These are not cute pictures of dogs. These are dogs who have been homeless for at least two weeks, and now face euthanasia if they do not find a home. Each week I bring one dog from the county animal shelter and photograph him/her at the local landfill.
The backdrop of Landfill Park is used for two reasons. First,the dogs will end up in a landfill if they do not find a home. They will be euthanized and their bodies will be buried deep in thelandfill among our trash. Below the surface at Landfill Park there are more than 25,000 dogsburied. I think of this park as a burial ground. These photographs offer the last opportunity for these dogs to find homes. The second reason for the landfill location is because the county animal shelter falls under the same management as the landfill. This government structure reflects a societal value; homeless cats and dogs are just another waste stream. However, this landscape offers a metaphor of hope. It is a place of trash that has been transformed into a place of beauty. I hope the viewer also sees the beauty in these homeless, unloved creatures.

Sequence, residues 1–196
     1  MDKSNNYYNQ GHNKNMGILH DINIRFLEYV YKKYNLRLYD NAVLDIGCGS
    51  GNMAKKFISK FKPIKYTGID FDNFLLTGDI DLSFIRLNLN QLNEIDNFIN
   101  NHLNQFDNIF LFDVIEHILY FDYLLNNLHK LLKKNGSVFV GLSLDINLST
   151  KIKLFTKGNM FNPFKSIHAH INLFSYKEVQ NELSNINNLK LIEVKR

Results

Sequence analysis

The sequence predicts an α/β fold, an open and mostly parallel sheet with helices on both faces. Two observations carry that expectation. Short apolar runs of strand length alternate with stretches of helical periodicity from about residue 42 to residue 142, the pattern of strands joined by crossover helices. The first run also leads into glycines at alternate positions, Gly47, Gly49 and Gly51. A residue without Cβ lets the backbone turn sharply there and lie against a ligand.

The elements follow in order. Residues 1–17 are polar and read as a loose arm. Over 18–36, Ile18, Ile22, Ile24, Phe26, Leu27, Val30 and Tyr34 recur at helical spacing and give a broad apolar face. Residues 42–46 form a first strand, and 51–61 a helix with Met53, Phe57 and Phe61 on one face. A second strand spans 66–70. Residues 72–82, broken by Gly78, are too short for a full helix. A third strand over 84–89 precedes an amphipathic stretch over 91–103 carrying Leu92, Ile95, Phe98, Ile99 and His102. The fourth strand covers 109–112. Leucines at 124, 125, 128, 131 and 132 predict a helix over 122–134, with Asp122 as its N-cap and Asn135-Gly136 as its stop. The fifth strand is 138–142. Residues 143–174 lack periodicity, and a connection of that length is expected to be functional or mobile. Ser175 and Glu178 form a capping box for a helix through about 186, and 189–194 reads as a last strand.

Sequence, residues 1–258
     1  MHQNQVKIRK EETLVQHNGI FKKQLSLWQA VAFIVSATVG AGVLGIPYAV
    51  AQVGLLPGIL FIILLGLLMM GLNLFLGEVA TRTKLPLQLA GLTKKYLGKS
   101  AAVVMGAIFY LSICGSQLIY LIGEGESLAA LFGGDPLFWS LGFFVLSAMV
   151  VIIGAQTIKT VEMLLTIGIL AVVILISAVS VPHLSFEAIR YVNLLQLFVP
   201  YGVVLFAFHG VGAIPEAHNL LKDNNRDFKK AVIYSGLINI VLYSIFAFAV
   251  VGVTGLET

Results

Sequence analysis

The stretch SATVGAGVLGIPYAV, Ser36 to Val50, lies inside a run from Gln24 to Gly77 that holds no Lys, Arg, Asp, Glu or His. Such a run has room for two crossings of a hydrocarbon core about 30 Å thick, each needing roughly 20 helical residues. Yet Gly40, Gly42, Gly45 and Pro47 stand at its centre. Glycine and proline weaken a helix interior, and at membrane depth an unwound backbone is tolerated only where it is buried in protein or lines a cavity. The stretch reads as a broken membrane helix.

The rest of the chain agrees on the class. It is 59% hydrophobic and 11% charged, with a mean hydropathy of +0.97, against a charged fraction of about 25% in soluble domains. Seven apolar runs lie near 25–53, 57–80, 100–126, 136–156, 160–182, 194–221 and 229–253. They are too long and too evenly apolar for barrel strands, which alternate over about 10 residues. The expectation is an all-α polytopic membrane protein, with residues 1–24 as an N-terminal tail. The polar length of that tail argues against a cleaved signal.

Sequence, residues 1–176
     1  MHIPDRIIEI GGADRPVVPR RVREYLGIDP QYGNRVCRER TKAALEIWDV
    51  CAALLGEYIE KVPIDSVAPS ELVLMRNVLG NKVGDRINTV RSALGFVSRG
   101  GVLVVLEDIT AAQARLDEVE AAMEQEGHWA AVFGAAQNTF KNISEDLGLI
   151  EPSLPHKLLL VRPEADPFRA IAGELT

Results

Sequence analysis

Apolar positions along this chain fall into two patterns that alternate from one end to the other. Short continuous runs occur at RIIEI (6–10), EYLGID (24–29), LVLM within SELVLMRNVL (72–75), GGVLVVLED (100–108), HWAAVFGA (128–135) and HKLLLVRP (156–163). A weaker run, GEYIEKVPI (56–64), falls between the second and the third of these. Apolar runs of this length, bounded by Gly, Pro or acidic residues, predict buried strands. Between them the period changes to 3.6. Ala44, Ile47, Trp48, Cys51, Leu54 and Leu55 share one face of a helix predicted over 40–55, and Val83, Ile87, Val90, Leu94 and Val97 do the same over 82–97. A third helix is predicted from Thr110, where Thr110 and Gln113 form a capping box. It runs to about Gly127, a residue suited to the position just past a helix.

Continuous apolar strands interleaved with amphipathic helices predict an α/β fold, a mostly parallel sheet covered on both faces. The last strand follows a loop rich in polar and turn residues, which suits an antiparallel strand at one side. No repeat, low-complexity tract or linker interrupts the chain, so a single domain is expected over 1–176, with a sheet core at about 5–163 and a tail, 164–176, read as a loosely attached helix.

To date I have photographed 174 dogs as part of this project. Of that group, 149 have found homes or been sent to rescue. 6 are still waiting, and 19 have been euthanized for various reasons. This is an on-going project that began in 2012.
The Landfill Dogs book was released November 2015. It is a 204 page hardcover book with a foreword by Chris Jordan. http://www.blurb.com/b/6474236-landfill-dogs